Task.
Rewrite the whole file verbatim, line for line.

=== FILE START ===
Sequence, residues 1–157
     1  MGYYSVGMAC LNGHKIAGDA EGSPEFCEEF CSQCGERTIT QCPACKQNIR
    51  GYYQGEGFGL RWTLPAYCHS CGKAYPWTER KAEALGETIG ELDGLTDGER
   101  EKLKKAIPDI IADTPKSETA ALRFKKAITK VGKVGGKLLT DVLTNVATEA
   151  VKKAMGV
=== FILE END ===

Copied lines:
Sequence, residues 1–157
     1  MGYYSVGMAC LNGHKIAGDA EGSPEFCEEF CSQCGERTIT QCPACKQNIR
    51  GYYQGEGFGL RWTLPAYCHS CGKAYPWTER KAEALGETIG ELDGLTDGER
   101  EKLKKAIPDI IADTPKSETA ALRFKKAITK VGKVGGKLLT DVLTNVATEA
   151  VKKAMGV